For seven generations members of the Wallenda family have pulled off incredible tightrope performances.
They've walked between skyscrapers, over Niagara Falls—and even the Grand Canyon—without a safety net.
Republicans from Cherokee to Corolla gathered for their state convention this past weekend. There were no high-wire stunts in Greensboro at the state convention this weekend. But there was certainly a balancing act.
National delegates were elected, party leaders spoke, and the process of unifying around de facto presidential nominee Donald Trump began.
"He won it fair and square, so he's entitled to the support of the Republican Party," said Art Pope. He's one of the most powerful Republican operatives in the state. And while he supports the system, he isn't backing the billionaire tough-talking mogul. Pope was asked about how a Trump ticket will affect other Republicans running this fall.
"I think that is a genuine concern, the down ticket ballots—and this is where I'm going to focus my efforts on Pat McCrory, the state legislature, our county commissioners and our U.S. Senate candidate. I think that's almost going to be a separate race from the presidential. I'll be active at a volunteer, as a donor to candidates of my choice, I'll speak out on the issue in favor of the candidates I support," Pope said.
He was the first budget director of Governor Pat McCrory. After speaking at the party gathering Saturday, McCrory wasn't keen on discussing Trump, the on-going national controversy sparked by House Bill 2, or really anything else for that matter. As a gaggle of reporters waited outside a meeting room, McCrory's security team snuck him through a service door and into a waiting black car.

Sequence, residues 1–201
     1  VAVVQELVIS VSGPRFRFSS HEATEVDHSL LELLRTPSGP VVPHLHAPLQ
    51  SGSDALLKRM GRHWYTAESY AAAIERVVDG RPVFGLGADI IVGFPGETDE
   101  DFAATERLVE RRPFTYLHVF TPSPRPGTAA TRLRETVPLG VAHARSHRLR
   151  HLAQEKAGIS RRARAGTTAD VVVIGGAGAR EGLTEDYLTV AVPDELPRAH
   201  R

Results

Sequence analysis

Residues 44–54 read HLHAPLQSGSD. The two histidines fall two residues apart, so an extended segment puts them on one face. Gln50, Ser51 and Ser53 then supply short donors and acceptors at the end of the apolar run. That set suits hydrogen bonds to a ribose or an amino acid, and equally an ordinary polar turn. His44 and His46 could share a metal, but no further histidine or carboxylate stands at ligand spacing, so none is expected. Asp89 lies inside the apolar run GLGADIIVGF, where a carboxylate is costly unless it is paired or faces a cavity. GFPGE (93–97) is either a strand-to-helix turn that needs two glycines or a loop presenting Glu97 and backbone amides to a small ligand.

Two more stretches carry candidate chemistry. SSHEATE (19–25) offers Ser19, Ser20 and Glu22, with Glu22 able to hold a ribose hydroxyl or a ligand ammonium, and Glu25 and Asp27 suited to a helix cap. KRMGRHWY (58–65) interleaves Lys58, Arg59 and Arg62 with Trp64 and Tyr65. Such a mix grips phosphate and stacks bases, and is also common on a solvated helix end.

U.S. Senator Richard Burr also spoke to the conservative convention center crowd on Saturday. He called Trump, Hillary Clinton's worst nightmare. But when asked by a reporter if he would be appearing with Trump at campaign events, Burr said he would be focused on his own re-election campaign.
Burr is a two-term incumbent facing a challenge from former state legislator Deborah Ross. Burr has a deep campaign piggy bank, though Ross has been climbing in the polls. He called this election cycle "unpredictable" and "ever-changing."
"It is a little crazy," agreed Will Antico, a lifelong Republican. The former Navy Veteran was at the convention serving as a delegate from Durham, sporting a Trump hat and button.
Antico said coalescing around Trump is important, using history as a reminder.
"I was just talking to a friend of mine, another fellow delegate, how in '92 when Ross Perot ran his third party it ended up putting Bill Clinton in office, cause a lot of conservatives instead of voting for Bush, voted for Perot and that siphoned off a lot of votes," Antico recalled at the Koury Convention Center in Greensboro over the weekend.
There is not presently a notable third party presidential candidate in this race. Wake Forest University Politics Professor John Dinan would be surprised if that changes. What wouldn't surprise him is if some regular voters avoid the polls this November. He also invoked a history lesson, in offering a strategy for the GOP.
"For a number of decades Democrats in North Carolina faced that situation where the presidential nominee was often to the left of where the state Democratic Party was. So the challenge was how do you maintain proper independence while still acknowledging your party's nominee. It's a delegate balance to walk," Dinan said.
This weekend marked the first time that some elected officials were seen wearing Trump gear. His name was mentioned regularly and there were no melees between the Cruz Camp and Team Trump.
"This is a political party, it is dysfunctional by nature. So our role, in addition to winning elections, is to put the 'fun' back in dysfunctional," said GOP State Chairman Robin Hayes earlier in the week.
For the first time since reconstruction, Republicans are defending majorities in both chambers of the general assembly as well as the Governor's mansion. Just how much fun they have November may depend on their balance act over the next few months.